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Black Voters Take Center Stage In Latest Democratic Debate

A polling manger holds "I Voted" stickers as she wait for people to cast their ballots in South Carolina. (Jim Watson/AFP/Getty Images)
A polling manger holds "I Voted" stickers as she wait for people to cast their ballots in South Carolina. (Jim Watson/AFP/Getty Images)

During Wednesday night’s Democratic debate in Atlanta, 10 candidates discussed and squabbled over who is best able to connect with black voters.

In the 2018 midterm election, 90% of black Americans voted for the Democratic candidate, according to Pew Research Center.

The numbers for men and women were comparable — 92% of black women voted blue and 88% of black men did the same.

What is the significance of securing the black vote in the 2020 election?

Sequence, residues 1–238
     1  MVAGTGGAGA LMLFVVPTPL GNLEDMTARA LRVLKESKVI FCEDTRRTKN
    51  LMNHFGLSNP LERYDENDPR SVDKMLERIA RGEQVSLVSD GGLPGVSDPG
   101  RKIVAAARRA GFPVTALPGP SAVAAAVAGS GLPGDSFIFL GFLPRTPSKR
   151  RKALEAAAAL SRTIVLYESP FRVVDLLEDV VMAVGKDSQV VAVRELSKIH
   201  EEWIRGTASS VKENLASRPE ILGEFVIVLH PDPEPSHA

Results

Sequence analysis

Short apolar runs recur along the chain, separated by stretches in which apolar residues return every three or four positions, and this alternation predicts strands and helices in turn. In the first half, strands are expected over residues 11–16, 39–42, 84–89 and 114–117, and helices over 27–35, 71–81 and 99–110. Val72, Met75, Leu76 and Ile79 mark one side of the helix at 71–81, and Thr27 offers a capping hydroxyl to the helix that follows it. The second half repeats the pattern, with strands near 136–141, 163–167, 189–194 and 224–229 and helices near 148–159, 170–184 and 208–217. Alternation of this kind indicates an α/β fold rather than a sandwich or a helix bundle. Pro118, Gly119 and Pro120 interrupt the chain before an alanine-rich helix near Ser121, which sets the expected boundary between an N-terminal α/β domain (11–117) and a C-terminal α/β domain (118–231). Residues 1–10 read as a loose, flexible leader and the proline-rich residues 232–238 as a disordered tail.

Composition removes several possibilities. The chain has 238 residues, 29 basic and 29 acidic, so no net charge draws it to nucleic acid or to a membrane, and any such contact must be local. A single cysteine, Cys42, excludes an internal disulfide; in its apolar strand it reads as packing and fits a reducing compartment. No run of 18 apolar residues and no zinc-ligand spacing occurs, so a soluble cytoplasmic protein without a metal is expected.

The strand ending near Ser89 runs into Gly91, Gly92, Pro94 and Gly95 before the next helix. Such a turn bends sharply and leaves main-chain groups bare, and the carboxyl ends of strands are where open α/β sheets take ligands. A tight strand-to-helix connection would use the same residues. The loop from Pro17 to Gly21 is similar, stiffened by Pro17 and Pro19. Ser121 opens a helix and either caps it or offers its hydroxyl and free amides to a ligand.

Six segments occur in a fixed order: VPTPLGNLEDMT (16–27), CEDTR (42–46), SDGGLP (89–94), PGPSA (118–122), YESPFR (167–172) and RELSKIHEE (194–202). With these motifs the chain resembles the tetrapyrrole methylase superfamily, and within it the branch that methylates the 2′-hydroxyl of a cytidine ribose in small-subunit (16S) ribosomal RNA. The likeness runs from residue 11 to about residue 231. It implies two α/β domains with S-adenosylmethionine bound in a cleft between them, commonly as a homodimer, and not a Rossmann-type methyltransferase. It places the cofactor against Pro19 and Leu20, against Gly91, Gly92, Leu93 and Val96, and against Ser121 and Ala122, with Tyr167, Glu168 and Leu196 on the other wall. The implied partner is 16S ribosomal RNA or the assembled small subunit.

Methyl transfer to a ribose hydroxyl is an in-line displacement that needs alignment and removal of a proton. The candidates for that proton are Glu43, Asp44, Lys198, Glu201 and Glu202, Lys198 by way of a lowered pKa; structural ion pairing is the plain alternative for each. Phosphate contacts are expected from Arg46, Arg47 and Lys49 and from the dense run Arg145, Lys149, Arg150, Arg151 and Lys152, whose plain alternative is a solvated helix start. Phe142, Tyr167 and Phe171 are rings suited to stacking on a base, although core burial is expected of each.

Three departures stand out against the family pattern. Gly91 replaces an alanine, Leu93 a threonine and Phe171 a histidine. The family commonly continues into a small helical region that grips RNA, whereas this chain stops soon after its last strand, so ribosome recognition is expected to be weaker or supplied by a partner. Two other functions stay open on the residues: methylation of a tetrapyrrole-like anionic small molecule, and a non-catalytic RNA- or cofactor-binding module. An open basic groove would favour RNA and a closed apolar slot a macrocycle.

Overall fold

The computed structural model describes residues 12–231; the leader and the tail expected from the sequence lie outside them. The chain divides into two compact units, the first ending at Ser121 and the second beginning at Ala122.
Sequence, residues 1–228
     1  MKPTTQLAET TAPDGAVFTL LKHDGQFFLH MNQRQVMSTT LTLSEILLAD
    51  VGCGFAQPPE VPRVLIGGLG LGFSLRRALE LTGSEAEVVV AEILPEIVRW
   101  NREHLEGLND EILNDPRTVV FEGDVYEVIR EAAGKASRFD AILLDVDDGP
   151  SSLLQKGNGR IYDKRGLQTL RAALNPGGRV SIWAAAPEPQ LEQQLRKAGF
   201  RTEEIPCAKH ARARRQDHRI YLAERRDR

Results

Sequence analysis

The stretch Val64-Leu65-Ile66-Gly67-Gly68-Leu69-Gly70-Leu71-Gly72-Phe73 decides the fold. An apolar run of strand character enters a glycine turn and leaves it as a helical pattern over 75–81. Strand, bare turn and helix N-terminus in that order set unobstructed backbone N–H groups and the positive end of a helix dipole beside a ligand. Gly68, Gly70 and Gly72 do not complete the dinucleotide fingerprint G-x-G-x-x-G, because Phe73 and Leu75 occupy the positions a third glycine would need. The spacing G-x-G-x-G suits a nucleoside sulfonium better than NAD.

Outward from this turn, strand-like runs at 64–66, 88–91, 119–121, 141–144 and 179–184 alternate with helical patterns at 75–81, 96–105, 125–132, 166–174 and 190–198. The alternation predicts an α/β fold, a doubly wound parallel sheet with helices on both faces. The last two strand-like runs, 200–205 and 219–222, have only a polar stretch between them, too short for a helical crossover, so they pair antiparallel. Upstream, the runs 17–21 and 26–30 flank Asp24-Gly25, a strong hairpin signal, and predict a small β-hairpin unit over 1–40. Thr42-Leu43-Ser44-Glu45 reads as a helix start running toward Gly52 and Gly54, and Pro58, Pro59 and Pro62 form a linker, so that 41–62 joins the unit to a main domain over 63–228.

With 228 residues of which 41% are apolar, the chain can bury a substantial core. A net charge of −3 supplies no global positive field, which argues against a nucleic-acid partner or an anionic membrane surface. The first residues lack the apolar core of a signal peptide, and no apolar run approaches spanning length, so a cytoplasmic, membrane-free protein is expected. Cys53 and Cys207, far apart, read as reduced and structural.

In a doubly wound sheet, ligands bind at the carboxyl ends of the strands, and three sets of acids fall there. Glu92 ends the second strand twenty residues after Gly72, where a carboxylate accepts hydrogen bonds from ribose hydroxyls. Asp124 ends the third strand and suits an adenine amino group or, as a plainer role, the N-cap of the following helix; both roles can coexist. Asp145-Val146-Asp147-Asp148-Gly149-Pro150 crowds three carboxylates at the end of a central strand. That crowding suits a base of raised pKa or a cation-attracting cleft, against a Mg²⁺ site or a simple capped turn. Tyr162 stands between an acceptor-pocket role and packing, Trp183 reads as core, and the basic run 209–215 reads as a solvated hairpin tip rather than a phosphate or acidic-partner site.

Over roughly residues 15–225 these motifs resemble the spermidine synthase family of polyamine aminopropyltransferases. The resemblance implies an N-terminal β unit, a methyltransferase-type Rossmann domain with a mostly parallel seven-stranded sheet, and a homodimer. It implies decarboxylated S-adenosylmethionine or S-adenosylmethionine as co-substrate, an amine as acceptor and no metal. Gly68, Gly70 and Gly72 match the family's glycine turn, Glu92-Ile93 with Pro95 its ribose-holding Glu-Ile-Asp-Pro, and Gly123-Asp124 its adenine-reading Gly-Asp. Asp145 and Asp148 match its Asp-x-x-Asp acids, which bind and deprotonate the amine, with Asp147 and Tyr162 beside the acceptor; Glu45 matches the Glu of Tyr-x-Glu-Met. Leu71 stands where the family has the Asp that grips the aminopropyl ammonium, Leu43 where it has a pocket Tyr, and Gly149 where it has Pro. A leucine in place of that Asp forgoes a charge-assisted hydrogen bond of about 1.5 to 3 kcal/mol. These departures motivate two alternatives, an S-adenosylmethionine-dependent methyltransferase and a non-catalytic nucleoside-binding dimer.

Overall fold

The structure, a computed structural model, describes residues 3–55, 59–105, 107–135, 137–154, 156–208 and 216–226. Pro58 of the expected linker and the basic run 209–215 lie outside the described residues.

Political strategist and commentator Angela Rye and Washington Post political reporter Eugene Scott joined Here & Now’s Tonya Mosley to discuss Wednesday night’s conversation surrounding black Americans.

Interview Highlights

On the significance of Georgia in the 2020 election

Scott: “Well, you can’t talk about Georgia and 2020 without talking about Georgia and 2018 and the much larger issue of voter disenfranchisement. And that topic came up repeatedly during the debate, specifically related to Stacey Abrams, who was the Democratic nominee for governor in 2018. And there is a genuine concern moving forward that black voters and Latino voters and perhaps other voters of color will not have their ballots counted as we move into 2020, because many of the problems that existed two years ago, should we say, that led to votes being ignored or not counted properly, still exist. And so we certainly saw candidates trying to take the lead in addressing that issue, shedding light on it and perhaps providing solutions to it.”

On Kamala Harris’ powerful moment talking about black women in America